One of the problems with all of this was putting too many eggs in the proverbial basket. Sure, filmmaking back in the early day of Tampa indie film was ambitious, but way too risky as filmmakers sunk a lot of money into projects which were too much to chew on, and, as a result, it was almost like playing a high risk lottery.
Sure, I fell into that trap at first, too. I figured that I would come up with a cool script, cast it with good actors, shoot it inexpensively, and the world would be my oyster. We’d arrive, by creating a line of feature films, and emulating Hollywood as we did it. The problem is that indie filmmakers seldom have the resources to do it like Hollywood does, and ultimately, our efforts fell short.
That’s not do say that we didn’t pull off some interesting concepts, and succeed where others had not. People were sold on what we were doing, and rightfully so, including the production people who didn’t have the equipment that they would need. We had a principle cast of 16 of the best actors in Florida (and, to those actors, I would recommend any of you in a heartbeat. I was quite proud of my cast, many of who drove in from all over Florida) all on deferred pay, and although none of them were union, they all were just as good. Other that equipment, everything from catering, to the actual production, was dirt cheap, too. The catering would be handled like a pot luck picnic, as everyone pitched in to the project, and the production was literally no-budget.
Alas, though, in the end, that lack of equipment was what ended it. It was hard to sell investors when this was our first film, as we had nothing to show them, and the expense of equipment would rocket the budget into the realm of the other films, despite the things that we had pulled off with bringing down the production costs to practically nothing. I’m also still disgusted, too, that the production people had the nerve to finally say, on the eve of production, that they didn’t have equipment, and that they expected me to get them equipment, and that would be how they would be compensated (which was NOT the terms originally agree upon. I had a model do that to me a couple of years ago, too. We agreed to the terms of a shoot, and she tried to radically change the terms of our agreement the night before the shoot. It’s like” They are dependent upon me, now, so now I can hold the production hostage at the last minute”. It’s so unprofessional, and I have measures in place to prevent this from happening in the future. Always get the terms in writing before planning, or scheduling, anything. Always have backups, too, or “understudies”, as they say in theater. If they pull the hostage move, get them for breach of contract, and then go with the backup). First off, the primary reason for needing their help would be because they had the equipment that the production needed. Secondly, since my staff all had filmmaking skills to begin with, if we had the money to go out and buy all of the equipment, we would have simply used the gear ourselves. Had we gone the “You’re right, we don’t know what you are doing, and you’re better. Here is the equipment that you require. Please help us” route, we’d have ended up assuming all the financial risk on a film which probably would not have sold, and wouldn’t have the equipment, anyway, after the production people took it when the film was complete. We’d be back at square one, with the drawbacks of substantial debt, and no way to do any more films. This, in fact, is exactly the trap that many early Tampa filmmakers fell into, and many of them found themselves out of business after they gave it their shot, and their all, to that one great feature indie film.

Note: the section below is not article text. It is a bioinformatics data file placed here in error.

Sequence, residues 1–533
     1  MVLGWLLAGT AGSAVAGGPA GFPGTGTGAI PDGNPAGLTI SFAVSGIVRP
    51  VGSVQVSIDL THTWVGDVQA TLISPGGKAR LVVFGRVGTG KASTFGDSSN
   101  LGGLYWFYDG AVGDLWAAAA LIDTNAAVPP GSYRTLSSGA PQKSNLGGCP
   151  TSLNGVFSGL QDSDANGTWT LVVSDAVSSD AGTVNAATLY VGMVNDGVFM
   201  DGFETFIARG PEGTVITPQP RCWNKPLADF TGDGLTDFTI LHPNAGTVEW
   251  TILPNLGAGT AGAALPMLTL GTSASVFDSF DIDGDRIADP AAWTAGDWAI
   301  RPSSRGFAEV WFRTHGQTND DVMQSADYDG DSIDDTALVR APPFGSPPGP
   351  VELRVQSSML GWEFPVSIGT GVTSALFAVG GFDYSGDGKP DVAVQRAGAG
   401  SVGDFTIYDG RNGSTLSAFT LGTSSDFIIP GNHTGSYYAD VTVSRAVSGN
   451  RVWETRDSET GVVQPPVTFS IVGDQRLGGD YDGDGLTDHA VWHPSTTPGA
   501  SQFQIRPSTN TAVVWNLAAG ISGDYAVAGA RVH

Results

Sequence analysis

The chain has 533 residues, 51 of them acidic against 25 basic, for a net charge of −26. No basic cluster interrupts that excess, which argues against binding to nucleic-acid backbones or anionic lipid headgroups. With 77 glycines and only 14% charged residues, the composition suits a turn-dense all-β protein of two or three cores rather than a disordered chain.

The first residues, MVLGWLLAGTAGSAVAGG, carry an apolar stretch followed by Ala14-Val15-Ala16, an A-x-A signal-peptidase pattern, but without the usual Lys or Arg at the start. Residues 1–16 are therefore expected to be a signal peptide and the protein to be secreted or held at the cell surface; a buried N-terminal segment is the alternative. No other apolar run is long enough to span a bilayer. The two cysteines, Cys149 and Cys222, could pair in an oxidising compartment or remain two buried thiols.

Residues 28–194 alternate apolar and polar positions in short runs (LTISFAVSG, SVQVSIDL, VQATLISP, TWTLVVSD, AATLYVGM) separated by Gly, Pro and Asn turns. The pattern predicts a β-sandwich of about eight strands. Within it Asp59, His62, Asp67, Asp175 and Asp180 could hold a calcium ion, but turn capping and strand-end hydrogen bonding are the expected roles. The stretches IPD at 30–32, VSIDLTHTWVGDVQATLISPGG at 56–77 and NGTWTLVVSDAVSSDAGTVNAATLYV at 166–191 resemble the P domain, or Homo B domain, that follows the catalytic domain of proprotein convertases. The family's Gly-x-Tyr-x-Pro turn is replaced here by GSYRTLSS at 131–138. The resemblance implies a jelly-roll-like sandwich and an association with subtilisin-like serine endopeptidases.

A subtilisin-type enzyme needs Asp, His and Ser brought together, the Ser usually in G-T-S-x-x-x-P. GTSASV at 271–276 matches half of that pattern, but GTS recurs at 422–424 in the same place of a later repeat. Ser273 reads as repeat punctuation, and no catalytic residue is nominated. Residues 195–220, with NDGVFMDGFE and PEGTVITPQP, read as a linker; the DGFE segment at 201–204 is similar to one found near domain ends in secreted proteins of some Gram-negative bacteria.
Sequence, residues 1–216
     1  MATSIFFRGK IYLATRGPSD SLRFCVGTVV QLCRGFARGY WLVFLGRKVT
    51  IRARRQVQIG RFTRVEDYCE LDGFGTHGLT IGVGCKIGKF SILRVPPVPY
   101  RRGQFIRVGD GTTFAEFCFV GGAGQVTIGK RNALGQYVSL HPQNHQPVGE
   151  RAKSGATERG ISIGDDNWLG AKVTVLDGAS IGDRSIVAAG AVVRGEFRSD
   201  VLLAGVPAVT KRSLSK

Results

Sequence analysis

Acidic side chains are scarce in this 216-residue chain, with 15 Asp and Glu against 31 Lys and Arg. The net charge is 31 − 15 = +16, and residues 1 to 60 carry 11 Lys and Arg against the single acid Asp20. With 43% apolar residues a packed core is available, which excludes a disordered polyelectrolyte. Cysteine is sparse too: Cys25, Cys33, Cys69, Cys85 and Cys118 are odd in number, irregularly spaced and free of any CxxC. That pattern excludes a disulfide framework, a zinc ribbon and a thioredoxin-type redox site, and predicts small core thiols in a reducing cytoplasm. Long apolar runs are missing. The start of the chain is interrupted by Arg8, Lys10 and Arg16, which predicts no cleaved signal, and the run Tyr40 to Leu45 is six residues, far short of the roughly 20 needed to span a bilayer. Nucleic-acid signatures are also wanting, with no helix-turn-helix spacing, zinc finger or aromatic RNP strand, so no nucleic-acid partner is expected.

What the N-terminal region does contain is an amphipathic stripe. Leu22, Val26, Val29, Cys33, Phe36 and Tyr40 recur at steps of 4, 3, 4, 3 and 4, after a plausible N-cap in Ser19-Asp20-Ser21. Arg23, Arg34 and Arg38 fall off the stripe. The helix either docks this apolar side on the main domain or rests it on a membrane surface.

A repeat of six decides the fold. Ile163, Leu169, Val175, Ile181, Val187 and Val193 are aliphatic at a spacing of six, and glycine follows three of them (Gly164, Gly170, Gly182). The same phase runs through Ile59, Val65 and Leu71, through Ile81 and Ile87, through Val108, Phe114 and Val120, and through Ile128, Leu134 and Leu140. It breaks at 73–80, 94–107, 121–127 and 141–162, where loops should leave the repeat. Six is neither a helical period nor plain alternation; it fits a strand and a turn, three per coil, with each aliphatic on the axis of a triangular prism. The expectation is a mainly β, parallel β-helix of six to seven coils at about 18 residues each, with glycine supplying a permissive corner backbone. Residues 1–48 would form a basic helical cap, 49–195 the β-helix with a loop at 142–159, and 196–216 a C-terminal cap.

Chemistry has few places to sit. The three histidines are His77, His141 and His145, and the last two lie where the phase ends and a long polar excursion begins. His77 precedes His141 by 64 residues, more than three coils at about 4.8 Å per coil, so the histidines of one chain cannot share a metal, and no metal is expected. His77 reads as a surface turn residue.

Another innovation, which the production team used as a reason why they could not do their job, was my idea for a digital distribution and download business model, which could have been used if the film was not picked up for distribution, and sale, by a distributor. The production team was up in arms. “The film will get pirated!” they lamented. Well, I told them all of the specifics, and the measures that would be taken to keep the download business profitable, but that was their scapegoat for their lack of equipment; they did not want to be honest about why they REALLY did not want to do it. What really annoys me, though, was that, over the past ten years, that my download business model was proven to be correct. It was the future. It may have been ahead of its time, but I was right.